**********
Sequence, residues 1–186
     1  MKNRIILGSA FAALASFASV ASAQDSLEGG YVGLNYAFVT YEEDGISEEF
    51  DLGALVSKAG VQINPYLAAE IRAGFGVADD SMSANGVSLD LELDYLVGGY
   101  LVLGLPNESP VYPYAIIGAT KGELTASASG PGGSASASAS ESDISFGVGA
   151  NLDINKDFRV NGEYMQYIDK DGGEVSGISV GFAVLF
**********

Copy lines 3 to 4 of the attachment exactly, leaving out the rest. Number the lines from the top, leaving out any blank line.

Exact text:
    51  DLGALVSKAG VQINPYLAAE IRAGFGVADD SMSANGVSLD LELDYLVGGY
   101  LVLGLPNESP VYPYAIIGAT KGELTASASG PGGSASASAS ESDISFGVGA